BRITISH MEDICAL JOURNAL
2 OCTOBER 1976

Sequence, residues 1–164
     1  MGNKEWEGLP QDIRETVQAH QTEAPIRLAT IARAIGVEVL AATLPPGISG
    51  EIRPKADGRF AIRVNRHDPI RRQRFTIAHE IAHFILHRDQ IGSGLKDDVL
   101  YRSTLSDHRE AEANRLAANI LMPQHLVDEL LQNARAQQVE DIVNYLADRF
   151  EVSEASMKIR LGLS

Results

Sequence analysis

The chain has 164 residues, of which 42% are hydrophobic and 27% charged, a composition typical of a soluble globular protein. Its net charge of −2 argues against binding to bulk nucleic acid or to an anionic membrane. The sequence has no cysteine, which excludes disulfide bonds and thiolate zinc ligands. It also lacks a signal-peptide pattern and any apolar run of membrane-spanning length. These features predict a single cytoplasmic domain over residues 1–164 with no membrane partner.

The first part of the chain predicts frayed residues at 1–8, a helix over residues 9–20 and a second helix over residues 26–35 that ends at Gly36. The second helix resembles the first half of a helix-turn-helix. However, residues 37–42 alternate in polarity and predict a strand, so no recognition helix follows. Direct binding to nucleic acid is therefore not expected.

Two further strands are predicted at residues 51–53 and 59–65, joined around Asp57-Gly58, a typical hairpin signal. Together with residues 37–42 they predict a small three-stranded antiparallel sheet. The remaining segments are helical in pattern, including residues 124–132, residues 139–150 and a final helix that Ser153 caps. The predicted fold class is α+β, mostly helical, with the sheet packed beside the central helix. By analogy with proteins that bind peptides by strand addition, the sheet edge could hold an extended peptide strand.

Our findings would suggest that it is most Later in your article confusion is introduced important that doctors record which phase by the mention of an upper limit (in undefined they are using, whether in clinical practice or in ppm) of vinyl chloride monomer (VCM) the reporting of therapeutic trials. concentration in polyvinyl chloride (PVC) used in fabrication. In this case we must presume M F D'SOUZA that ppm by weight (ppm (w/w)) is meant, but to many readers this may not be obvious. Department of Clinical Epidemiology in General Practice, It is far simpler to use units such as ,ug/l Brompton Hospital, and (equivalent to mg/M3) for air pollution thresDepartment of Community Medicine, St Thomas's Hospital Medical School, holds because the instruments used to monitor London pollution are most easily and reliably calibrated L M IRWIG in such mass/volume units. If such a convention National Research Institute for were generally adopted comparisons between Occupational Diseases, work from different laboratories would be less Johannesburg, South Africa subject to confusion because uncertainties in the definition of the concentration limits would 'D'Souza, M F, Swan, A V, and Shannon, D J, be eliminated. Similarly it would be less Lancet, 1976, 1, 1228. 2 Reid, D D, et al, Lancet, 1966, 1, 614. confusing to discuss VCM concentrations in Veterans Administration Cooperative Study Group on Hypotensive Agents, Joiirnal of the Americani Medi- PVC in terms such as jtg/g or mg/kg. cal Associationi, 1970, 213, 1143.